- Enterprises competing in the software & computing industry (17.5%), manufacturing (15.8%) and financial industry (14%) are investing the heaviest in big data and analytics app development. Overall, 32% of big data and analytics projects are custom-designed and produced by system integrators and value-added resellers (SI, VAR). 70% of big data and advanced analytics apps for manufacturing are created by enterprise and system integrator/value-added reseller (SI/VAR) development teams. The following graphic provides an overview of industries targeted by big data, segmented by developer segment.
- Sales and customer data (9.6%), IT-based data analysis (9.4%), informatics (8.7%) and financial transactions (8.4%) are the most common big data sets app developers are working with today. In addition marketing, system management, production and shop floor data, and web & social media-generated data are also included. Evans Data found that informatics data sets grew the fastest in the last six months, and scientific computing is now competing with transaction processing systems as a dominant data set developers rely on to create new apps.
- Marketing departments have quickly become the most common users of big data and advanced analytics apps (14.4%) followed by IT (13.3%) and Research & Development (13%). Evans Data asked developers which departments in their organizations are putting big data and advanced analytics apps to use, regardless of where they were created. 38.2% of all big data use in organizations today are in customer-facing departments including marketing, sales, and customer service.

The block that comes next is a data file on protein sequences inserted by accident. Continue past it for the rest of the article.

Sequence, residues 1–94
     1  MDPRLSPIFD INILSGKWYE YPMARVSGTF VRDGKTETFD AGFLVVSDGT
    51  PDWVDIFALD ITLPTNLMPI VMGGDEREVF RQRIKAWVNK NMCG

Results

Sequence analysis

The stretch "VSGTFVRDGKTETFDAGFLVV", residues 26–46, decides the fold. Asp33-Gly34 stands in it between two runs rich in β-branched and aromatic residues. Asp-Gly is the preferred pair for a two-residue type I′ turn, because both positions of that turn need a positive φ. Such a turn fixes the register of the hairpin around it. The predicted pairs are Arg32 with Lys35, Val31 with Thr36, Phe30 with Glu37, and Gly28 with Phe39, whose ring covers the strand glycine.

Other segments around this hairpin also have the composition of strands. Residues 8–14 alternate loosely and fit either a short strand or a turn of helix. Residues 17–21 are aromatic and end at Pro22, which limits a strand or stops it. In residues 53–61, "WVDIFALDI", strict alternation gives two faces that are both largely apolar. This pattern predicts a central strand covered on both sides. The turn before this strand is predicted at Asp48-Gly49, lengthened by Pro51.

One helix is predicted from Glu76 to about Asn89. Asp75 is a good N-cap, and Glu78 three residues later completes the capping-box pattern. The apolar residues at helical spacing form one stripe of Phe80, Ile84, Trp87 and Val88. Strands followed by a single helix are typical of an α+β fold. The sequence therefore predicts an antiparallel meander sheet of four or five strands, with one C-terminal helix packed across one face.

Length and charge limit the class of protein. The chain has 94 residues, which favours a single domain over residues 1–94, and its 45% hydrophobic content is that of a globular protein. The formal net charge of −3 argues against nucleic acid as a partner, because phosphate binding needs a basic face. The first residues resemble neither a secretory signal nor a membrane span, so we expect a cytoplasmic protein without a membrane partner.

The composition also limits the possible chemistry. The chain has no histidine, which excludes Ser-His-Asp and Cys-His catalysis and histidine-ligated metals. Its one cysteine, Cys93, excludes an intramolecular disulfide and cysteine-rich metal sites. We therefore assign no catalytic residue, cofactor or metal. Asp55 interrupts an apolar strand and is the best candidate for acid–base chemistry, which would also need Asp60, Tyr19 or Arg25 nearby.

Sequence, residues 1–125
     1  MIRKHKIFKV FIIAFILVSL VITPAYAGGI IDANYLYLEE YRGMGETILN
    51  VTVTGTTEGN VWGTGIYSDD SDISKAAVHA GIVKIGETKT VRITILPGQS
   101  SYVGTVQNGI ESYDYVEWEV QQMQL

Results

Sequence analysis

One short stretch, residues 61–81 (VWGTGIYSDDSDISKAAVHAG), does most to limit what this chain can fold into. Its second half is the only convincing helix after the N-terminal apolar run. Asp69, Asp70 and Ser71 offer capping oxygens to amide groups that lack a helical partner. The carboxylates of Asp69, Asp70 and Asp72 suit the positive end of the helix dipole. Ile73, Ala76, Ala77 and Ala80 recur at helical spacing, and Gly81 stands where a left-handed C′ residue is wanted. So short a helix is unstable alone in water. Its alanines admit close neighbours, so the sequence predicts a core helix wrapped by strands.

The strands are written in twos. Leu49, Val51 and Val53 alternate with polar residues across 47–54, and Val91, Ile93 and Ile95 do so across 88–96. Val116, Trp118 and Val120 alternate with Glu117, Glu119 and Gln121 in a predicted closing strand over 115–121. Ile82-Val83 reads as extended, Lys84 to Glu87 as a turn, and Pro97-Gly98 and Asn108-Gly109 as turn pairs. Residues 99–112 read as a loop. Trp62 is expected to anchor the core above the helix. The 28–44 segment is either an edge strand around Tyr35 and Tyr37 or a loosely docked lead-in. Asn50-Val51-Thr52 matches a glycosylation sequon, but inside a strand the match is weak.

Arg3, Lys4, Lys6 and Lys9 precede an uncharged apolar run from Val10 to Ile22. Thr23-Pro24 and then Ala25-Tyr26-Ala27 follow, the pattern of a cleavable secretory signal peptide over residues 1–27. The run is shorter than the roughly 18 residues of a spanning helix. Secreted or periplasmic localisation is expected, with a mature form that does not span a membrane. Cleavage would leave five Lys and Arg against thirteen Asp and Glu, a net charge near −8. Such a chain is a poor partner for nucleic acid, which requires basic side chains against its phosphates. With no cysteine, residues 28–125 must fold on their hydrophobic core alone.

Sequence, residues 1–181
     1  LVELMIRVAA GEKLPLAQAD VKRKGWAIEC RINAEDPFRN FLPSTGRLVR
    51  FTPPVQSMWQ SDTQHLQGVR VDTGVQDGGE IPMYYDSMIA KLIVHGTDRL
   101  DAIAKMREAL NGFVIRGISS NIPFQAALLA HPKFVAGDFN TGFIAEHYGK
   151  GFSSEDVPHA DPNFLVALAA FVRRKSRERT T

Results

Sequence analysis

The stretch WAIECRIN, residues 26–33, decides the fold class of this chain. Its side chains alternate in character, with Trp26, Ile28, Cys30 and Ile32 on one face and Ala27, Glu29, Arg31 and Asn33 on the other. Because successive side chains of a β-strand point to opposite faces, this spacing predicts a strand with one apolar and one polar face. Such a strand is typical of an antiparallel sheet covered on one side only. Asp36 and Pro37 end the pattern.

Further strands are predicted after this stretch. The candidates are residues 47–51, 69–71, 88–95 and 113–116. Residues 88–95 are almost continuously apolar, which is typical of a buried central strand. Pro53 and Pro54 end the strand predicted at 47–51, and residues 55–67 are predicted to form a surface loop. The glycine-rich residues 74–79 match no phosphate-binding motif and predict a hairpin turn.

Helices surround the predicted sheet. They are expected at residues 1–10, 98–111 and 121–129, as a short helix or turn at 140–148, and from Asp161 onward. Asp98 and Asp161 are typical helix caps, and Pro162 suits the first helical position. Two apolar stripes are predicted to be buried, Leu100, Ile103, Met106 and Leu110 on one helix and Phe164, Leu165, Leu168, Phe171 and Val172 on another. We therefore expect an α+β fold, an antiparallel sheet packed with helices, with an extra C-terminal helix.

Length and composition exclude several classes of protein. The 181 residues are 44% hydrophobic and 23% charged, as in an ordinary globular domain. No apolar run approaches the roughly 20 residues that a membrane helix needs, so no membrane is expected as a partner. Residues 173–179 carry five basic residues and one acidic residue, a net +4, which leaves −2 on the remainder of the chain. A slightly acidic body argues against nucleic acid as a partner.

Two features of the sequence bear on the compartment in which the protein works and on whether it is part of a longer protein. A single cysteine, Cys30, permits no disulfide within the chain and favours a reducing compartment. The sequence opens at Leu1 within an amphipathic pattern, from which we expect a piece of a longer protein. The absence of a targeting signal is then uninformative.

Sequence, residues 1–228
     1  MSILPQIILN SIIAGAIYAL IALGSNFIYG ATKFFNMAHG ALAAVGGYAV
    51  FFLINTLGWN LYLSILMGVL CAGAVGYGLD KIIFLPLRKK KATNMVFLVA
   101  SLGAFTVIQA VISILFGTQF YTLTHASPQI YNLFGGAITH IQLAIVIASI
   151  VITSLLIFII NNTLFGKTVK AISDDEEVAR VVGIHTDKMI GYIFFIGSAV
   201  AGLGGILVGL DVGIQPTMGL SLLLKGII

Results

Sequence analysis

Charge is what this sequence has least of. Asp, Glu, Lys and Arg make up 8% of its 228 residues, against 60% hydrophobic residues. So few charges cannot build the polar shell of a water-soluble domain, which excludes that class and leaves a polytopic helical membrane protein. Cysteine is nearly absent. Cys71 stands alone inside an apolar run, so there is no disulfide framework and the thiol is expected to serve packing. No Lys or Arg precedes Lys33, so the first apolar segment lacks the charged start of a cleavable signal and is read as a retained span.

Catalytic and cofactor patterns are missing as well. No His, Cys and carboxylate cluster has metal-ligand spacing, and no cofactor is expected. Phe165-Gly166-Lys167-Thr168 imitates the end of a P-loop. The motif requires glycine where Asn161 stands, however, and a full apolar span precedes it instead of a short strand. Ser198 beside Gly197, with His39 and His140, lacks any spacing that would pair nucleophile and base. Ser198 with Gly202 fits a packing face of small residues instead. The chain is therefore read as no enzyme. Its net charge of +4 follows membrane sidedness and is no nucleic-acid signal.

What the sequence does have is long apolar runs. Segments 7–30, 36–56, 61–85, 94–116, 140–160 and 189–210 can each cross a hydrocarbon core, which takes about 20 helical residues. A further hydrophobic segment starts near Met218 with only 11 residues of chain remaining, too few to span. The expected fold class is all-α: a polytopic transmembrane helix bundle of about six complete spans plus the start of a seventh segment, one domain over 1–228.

- Availability of relevant tools (10.9%), storage costs (10.2%) and siloed business, IT, and analytics/data science teams (10.0%) are the top three barriers developers face in building new apps. It’s interesting to note that compliance and having to transition from legacy systems did not score higher in the survey, as these two areas are inordinately more complex in more regulated, older industries. For big data and advanced analytics to accelerate across manufacturing and financial industries, compliance and legacy systems integration barriers will need to first be addressed.
- Quality of data (19.2%), relevance of data being acquired (13.5%), volume of data being processed (12.6%) and ability to adequately visualize big data (11.7%) are the four biggest problem areas faced by big data developers today. Additional problem areas include the volume of data in storage (10.5%), ability to gain insight from big data (10.1%) and the high rate of data acquisition (7.6%). The remainder of problem areas are shown in the graphic below.
- Providing real-time correlation and anomaly detection of diverse security data (29.9%) and high-speed querying of security intelligence data (28.1%) are the two most critical areas vendors can assist developers with today. Big data and analytics app developers are looking to vendors to also provide more effective security algorithms for various use case scenarios (17.6%), flexible big data analytics across structured and unstructured data (14.2%) and more useful graphical front-end tools for visualizing and exploring big data (5.1%).
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This article was written by Louis Columbus from Forbes and was legally licensed through the NewsCred publisher network.